To gain a better understanding of this influence, I went looking for Scott’s music, and found Moonstruck,a recital of his songs recorded for Signum Classics (SIGCD096) by Lisa Milne, Roderick Williams and Iain Burnside. It was the turning point for me. Initially. I thought many of these songs were fine settings of Scottish folksongs – but they are all, every one of them, original compositions, and, for me, they cry out for just about every superlative I can think of. Scott assimilated the folk-music of the western highlands and the pioborachead (classical music of the Great Highland Bagpipe) so thoroughly so as to transliterate it into a western classical idiom, in a way that no one had done before. Some will argue that Hamish MacCunn and other nineteenth-century composers aim to do as much, but I don’t think it was ever done in quite the way Scott managed.

Francis George Scott
Francis George Scott © Lida Moser

Soon after, I discovered Maurice Lindsay’s 1980 biography of Scott, Francis George Scott and the Scottish Renaissance (Paul Harris, Edinburgh; out of print) – still the only text of any length and depth on the composer which also explores, inter alia, his literary influence on Hugh MacDiarmid. I was pleased to find that Lindsay briefly discusses some piano pieces, all miniatures, and so it was only a matter of time before I went looking for those as well. It’s a curiously critical book (in the negative sense), which is disappointing, given that it’s the only full biography of the composer in existence, but invaluable for the raw facts of his life and work contained therein. Still, Scott deserves a better book than this one.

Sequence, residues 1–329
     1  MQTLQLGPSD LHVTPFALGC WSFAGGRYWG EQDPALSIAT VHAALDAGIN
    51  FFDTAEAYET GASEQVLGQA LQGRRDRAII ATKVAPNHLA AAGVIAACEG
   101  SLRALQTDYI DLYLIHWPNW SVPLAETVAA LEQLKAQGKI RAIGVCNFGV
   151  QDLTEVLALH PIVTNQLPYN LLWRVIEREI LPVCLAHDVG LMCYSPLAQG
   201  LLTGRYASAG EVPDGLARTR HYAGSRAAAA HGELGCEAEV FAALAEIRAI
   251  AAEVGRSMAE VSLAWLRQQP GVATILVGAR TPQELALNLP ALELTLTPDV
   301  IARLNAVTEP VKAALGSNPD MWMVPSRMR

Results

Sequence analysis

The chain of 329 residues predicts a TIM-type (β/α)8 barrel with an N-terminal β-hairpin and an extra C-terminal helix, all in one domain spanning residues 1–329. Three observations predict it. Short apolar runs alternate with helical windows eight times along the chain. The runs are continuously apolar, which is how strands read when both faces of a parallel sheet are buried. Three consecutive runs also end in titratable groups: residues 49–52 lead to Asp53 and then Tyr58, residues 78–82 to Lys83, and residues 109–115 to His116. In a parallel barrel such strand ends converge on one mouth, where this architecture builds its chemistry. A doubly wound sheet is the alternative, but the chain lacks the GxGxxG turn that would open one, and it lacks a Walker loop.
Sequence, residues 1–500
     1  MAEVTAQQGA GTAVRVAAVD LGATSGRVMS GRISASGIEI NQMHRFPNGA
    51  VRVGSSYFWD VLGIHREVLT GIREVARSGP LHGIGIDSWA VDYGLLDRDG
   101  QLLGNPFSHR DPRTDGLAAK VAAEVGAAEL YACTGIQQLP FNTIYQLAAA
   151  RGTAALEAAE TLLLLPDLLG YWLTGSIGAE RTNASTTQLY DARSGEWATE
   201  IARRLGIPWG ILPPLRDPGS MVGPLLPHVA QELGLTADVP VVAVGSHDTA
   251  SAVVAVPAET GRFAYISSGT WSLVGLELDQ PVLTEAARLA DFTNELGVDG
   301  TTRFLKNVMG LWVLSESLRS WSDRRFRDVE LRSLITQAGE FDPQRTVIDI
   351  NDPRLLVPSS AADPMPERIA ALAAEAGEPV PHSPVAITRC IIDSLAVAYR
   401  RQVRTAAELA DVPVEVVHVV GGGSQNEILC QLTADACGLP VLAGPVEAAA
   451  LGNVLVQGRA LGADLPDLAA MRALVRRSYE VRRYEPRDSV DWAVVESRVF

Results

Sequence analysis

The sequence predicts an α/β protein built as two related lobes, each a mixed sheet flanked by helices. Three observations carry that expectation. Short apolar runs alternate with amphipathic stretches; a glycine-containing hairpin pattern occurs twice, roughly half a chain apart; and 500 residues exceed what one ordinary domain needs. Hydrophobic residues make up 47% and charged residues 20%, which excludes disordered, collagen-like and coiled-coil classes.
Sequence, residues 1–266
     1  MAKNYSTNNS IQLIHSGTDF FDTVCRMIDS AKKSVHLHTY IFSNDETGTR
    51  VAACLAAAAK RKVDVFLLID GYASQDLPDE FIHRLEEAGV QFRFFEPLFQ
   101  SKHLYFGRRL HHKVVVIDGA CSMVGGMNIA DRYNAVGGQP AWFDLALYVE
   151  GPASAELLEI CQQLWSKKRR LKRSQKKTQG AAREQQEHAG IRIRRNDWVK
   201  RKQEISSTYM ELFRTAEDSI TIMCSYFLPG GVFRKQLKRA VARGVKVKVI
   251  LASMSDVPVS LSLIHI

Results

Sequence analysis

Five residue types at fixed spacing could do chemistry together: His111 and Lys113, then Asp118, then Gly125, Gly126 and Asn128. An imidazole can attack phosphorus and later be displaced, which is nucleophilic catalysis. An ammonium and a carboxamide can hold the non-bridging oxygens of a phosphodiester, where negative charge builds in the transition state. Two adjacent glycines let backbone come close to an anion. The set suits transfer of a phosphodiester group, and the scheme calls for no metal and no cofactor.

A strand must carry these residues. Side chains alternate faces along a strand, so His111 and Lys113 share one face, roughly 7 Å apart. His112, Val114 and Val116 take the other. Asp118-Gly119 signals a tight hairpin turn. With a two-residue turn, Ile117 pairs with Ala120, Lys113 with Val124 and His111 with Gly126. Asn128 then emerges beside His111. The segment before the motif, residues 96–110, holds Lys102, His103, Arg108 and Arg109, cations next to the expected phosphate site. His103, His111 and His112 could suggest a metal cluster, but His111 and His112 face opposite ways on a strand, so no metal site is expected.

None of Scott’s piano music is published. But to my unalloyed delight, I discovered that the Scottish Music Centre in Glasgow holds the manuscripts, of which I could buy facsimiles – and I bought everything I could. I played through it all, and decided that I could use much of it in recitals and, perhaps, even include it in a future recording project. And here we are now.

Ronald Stevenson
Ronald Stevenson

This album begins with those eight Stevenson transcriptions of Scott’s songs. They point to the backbone of Scott’s output: the corpus of songs which is his most important output. In their original form they set texts of MacDiarmid and Burns, and the booklet essay goes to some length to explain the relationship between the text and the music, so as to offer a programme to those listening to them in their transcribed form. 

The album then goes on to the real reason it was made: more than 60 short album-leaves and miniatures, all within the grasp of the amateur pianist. They are charming, moving, beautiful, amusing, enigmatic – and often unfinished. Many of them were clearly sketches, and together add up to being a musical scrapbook of ideas which could have been developed into bigger pieces, had Scott been so inclined. They are a precious document of the musical musings of an original, pioneering mind. They should be published, and soon.

I owe thanks to a number of people and institutions: